Moment Cher Meets ‘World’s Loneliest Elephant’ Kaavan In Pakistan Zoo

 Before he was moved to a sanctuary in Cambodia to live out his retirement, Cher went to Pakistan to meet the 'world's loneliest elephant.'


Animal rights advocacy groups aim to ensure "animal welfare" and "animal protection" and say that it is a form of bigotry akin to sexism and racism to ignore the most basic needs of non-human animals.




They claim that we should all treat animals with the dignity they deserve, not abuse their right to be free in their natural environment.



Over the past few years, these organisations have fought many fights, to the satisfaction of many. Now, after several years of lobbying, the 'world's loneliest elephant' will leave the Pakistan zoo, and live out his retirement in a sanctuary in Cambodia.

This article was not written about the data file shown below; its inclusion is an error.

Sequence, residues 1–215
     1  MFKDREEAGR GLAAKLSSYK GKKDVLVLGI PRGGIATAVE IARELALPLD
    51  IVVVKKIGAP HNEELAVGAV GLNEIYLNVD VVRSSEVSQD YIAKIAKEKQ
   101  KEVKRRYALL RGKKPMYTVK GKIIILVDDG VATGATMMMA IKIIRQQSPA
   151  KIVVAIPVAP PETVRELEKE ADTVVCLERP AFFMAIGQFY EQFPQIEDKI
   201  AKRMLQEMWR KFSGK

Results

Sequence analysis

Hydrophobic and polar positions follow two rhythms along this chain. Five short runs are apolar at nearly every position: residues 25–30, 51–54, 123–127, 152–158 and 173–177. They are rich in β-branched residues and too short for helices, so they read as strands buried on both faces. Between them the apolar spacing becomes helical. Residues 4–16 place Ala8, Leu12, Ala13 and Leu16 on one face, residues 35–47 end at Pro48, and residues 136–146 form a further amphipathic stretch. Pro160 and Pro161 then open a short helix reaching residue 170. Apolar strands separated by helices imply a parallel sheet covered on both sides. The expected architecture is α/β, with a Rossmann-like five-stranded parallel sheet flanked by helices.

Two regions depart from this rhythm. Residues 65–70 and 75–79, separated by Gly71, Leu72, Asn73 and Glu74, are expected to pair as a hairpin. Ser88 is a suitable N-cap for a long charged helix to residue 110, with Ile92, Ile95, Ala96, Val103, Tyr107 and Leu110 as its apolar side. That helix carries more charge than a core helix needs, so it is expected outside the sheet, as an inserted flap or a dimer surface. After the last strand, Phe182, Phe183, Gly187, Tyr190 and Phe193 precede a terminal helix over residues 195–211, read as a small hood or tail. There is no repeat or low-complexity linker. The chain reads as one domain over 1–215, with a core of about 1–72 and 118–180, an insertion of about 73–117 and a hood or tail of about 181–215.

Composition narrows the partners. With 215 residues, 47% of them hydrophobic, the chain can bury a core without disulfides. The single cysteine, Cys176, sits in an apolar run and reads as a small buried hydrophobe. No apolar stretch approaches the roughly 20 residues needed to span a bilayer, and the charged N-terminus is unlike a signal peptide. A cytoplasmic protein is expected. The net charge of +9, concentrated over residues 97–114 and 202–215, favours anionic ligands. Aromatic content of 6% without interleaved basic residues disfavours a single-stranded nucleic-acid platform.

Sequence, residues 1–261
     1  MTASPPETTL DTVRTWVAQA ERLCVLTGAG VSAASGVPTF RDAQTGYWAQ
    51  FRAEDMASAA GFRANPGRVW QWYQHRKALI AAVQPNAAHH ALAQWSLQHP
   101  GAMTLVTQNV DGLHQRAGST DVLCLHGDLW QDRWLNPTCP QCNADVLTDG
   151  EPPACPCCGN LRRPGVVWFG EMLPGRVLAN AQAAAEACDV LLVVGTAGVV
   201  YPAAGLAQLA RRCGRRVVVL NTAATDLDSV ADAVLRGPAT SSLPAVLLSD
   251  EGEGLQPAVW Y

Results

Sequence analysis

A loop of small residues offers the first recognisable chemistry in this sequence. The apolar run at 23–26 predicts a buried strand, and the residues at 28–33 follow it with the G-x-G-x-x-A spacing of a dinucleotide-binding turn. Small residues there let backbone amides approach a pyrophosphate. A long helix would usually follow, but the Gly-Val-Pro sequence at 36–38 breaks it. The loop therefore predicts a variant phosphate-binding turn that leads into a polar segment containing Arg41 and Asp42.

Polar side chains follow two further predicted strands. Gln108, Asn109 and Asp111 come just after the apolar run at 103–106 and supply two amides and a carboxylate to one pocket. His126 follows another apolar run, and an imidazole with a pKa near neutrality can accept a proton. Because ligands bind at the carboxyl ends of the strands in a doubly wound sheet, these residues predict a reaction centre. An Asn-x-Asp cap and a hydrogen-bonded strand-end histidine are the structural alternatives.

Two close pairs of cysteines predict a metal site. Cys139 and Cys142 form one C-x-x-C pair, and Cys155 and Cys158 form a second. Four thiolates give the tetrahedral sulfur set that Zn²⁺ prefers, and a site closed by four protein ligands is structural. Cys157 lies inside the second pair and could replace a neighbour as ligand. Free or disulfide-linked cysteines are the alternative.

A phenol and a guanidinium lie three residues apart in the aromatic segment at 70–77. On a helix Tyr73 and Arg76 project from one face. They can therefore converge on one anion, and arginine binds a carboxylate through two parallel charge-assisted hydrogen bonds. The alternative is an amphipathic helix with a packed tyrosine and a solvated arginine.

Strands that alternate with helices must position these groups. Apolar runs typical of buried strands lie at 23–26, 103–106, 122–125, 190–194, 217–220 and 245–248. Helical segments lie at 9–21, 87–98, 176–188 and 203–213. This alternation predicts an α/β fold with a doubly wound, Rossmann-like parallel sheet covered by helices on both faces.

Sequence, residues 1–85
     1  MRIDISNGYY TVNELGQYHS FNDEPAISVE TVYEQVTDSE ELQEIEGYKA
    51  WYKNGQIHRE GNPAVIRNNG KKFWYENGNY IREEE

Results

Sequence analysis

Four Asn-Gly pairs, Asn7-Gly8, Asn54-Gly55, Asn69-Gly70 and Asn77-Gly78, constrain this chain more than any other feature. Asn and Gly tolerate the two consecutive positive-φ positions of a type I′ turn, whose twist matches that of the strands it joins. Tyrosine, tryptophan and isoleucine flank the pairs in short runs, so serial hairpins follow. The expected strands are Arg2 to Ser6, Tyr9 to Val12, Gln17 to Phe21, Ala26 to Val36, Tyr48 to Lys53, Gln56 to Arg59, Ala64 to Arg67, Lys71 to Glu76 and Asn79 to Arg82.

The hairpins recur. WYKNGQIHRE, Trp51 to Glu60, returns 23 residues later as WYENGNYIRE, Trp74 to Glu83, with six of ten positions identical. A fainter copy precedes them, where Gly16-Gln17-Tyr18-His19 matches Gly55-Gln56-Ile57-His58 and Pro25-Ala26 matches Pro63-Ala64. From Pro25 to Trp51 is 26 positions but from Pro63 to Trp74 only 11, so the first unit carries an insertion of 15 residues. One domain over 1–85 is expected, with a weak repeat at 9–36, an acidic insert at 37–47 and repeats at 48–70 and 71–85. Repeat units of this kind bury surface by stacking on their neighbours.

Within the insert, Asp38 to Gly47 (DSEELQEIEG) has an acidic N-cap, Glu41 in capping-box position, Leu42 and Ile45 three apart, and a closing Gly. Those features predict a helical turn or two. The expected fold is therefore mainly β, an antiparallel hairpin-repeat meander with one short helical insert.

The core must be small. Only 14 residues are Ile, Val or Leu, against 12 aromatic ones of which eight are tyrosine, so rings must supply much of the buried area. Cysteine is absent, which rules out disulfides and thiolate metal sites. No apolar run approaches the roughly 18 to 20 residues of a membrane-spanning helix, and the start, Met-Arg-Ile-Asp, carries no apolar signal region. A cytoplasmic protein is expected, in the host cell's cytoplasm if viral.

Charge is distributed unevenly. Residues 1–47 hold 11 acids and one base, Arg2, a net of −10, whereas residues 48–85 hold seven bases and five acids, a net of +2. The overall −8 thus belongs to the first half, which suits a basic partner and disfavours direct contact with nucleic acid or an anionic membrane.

Among the many animal advocates fighting for his right to a better life, the American singer and actress Cher helped him a lot to be moved from the zoo.



While kept in captivity, the unfortunate animal was forced to entertain crowds and beg for cash from zoo visitors while being prodded by his handlers with bull hooks.


Plus, in 2012, he lost his partner. Elephants are similar to humans, according to scientists, and experience the same feelings as us, form close bonds with their companions and mourn them when they die.



Luckily, those miserable days have come to an end. Now he will be relocated to a new venue, a 25,000-acre wildlife sanctuary in northwestern Cambodia's Siem Reap, to live out his retirement surrounded by other elephants.

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